- optional photocell (4);

tape (5) adhesivized on the internal side of the reel;

- printing group (3), comprising a printing system wherein the contact between the print head (3b) and the adhesive tape to be printed (5) is carried out by a driving roll of anti-adherent material (3a), which cyclically inverts its rotation direction;

- cutting system (2) comprising:

- a cutting blade (2a) which moves perpendicularly to the direction of the tape to be cut, from which the labels are obtained; the cutting blade (2a) has an inclined cutting edge having an angle between 2° and 45° preferably between 2° and 30° with respect to the tape (5) to be cut;

- a counterblade (2b); the blade and counterblade cutting surfaces are covered with solid anti-adhesives;

- applying pad (6);

the cutting system (2) being adjacent to the printing group (3), wherein in the method:

- the tape (5) is unwound from the reel (1) by the unwinding system comprising an unwinding roll (8) and a tape tensioning device ([deleted: 9] g), enters the printing group (3) for the label overprint[deleted: ;]

- the tape (5) enters the cutting system (2) moving in a direction perpendicular to the cutting blade (2a); the blade (2a) cuts the tape maintaining a preferably constant inclination; the contact point between the blade (2a) and counter-blade (2b) during the cut moves transversally in a continuous way through the tape section (5);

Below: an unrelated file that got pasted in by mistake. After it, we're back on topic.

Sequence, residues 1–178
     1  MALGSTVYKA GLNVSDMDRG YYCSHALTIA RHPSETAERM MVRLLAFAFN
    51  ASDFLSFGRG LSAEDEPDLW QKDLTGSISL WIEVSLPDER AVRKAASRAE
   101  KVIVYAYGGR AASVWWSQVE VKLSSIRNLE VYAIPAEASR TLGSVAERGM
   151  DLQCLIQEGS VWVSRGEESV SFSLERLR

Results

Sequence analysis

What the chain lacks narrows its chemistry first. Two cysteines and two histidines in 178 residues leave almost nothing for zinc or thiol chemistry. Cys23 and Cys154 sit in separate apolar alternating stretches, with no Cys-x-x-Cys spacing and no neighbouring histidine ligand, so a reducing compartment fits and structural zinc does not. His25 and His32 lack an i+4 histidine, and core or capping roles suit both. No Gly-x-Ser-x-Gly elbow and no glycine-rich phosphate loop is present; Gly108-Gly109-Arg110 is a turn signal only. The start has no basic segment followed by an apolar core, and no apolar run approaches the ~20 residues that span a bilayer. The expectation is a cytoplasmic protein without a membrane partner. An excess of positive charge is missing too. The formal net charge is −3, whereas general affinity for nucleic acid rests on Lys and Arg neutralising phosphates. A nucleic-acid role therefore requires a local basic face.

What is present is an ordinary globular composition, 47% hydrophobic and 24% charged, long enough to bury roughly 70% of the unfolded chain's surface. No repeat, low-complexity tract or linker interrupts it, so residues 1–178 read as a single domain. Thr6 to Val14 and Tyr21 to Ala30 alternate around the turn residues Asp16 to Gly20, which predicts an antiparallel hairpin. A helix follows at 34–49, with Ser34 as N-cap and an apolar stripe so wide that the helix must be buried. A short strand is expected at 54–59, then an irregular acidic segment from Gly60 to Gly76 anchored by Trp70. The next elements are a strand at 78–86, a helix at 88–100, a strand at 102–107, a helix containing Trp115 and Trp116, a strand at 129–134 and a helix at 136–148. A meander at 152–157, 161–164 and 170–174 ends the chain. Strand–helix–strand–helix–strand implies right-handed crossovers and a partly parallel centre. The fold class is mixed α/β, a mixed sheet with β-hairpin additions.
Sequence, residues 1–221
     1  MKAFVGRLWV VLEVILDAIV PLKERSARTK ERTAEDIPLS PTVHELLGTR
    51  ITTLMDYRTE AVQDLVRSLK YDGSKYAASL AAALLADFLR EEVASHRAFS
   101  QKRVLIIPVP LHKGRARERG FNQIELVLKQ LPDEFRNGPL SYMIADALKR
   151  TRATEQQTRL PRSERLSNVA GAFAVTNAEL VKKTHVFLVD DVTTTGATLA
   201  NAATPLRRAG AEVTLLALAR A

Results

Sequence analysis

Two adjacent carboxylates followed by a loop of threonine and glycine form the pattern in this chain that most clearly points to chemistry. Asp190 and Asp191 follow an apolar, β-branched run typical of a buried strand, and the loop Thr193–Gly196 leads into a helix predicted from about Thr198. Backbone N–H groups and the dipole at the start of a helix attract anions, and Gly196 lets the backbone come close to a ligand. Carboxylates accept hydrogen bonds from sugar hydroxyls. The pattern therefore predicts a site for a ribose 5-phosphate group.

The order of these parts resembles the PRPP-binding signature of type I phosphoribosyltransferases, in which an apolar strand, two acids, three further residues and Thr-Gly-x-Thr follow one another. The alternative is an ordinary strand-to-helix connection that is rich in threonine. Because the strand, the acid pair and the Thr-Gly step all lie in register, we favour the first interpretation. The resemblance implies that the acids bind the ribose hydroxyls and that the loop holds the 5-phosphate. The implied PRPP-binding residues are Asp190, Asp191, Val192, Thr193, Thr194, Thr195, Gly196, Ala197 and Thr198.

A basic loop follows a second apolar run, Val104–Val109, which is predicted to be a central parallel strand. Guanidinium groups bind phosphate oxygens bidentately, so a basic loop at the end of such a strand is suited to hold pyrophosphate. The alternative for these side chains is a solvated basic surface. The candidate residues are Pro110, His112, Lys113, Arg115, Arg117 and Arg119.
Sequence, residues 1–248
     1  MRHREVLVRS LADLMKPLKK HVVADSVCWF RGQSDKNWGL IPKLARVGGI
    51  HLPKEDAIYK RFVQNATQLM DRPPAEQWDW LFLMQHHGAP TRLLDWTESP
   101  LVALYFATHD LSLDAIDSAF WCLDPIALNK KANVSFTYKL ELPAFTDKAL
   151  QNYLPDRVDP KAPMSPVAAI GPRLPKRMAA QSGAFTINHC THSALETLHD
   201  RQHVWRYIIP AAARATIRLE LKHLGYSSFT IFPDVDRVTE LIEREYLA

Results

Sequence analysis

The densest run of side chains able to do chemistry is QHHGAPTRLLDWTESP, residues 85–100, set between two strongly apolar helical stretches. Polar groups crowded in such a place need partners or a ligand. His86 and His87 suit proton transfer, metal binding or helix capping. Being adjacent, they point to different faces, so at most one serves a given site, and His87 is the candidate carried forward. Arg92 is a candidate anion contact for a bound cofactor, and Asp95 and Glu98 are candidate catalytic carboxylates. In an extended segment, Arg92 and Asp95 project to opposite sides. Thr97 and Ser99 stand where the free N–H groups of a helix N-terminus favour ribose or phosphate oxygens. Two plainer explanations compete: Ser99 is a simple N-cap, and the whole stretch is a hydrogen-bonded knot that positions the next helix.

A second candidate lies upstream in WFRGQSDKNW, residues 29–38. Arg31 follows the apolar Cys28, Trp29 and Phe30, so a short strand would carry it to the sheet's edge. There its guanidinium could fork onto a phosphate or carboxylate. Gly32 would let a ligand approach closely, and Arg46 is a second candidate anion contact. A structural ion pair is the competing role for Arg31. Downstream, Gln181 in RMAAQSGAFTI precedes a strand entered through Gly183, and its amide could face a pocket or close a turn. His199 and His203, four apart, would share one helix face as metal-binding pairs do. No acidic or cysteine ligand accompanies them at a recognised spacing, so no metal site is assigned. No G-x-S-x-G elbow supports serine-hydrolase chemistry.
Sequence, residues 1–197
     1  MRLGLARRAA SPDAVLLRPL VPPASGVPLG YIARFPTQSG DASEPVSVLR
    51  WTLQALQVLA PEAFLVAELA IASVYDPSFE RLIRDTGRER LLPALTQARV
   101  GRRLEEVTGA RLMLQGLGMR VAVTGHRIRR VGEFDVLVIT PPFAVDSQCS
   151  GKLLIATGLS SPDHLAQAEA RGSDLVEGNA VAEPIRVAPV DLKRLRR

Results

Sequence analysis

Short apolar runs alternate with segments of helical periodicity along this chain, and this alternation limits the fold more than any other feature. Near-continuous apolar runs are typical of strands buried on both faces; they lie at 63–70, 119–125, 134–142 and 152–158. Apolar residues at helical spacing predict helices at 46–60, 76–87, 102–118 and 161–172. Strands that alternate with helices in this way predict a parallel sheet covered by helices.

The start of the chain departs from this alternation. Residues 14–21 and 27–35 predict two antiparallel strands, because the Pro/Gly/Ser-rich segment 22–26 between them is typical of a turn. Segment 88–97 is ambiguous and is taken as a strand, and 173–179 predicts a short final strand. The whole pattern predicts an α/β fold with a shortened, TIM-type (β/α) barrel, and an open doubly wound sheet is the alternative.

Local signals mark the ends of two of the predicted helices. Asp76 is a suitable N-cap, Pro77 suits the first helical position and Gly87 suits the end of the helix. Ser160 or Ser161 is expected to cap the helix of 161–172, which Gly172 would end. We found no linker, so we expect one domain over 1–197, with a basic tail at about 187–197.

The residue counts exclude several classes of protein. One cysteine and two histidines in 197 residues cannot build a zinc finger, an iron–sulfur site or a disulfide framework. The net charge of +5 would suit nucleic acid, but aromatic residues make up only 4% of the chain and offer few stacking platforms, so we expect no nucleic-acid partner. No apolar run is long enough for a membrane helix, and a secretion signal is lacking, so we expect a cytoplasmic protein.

- the printed label after the cut is immediately applied on the container by an applying pad (6);

- after the label application, the adhesive tape (5) is moved backward by the driving roll (3a), and the printing head (3b) starts printing near the upper edge of the label being formed;

- the tape (5) proceeds again into the cutting system (2) to form the next label."

Claim 1 of the second auxiliary request reads as follows (in bold the amendments with respect to claim 16 of the main request; emphasis added by the Board):

"A process for printing and applying the labels which uses [deleted: the labelling machine of claims 1-10][deleted: ,] a machine labelling for printing and applying labels on packages, wherein the machine comprises:

- an adhesive tape reel (1) from which the labels are formed;

- a reel unwinding system comprising at least an unwinding roll (8) and a tape tensioning device (9);

- optional photocell (4);

tape (5) adhesivized on the internal side of the reel;

- printing group (3), comprising a printing system wherein the contact between the print head (3b) and the adhesive tape to be printed (5) is carried out by a driving roll of anti-adherent material (3a), which cyclically inverts its rotation direction;

- cutting system (2) comprising: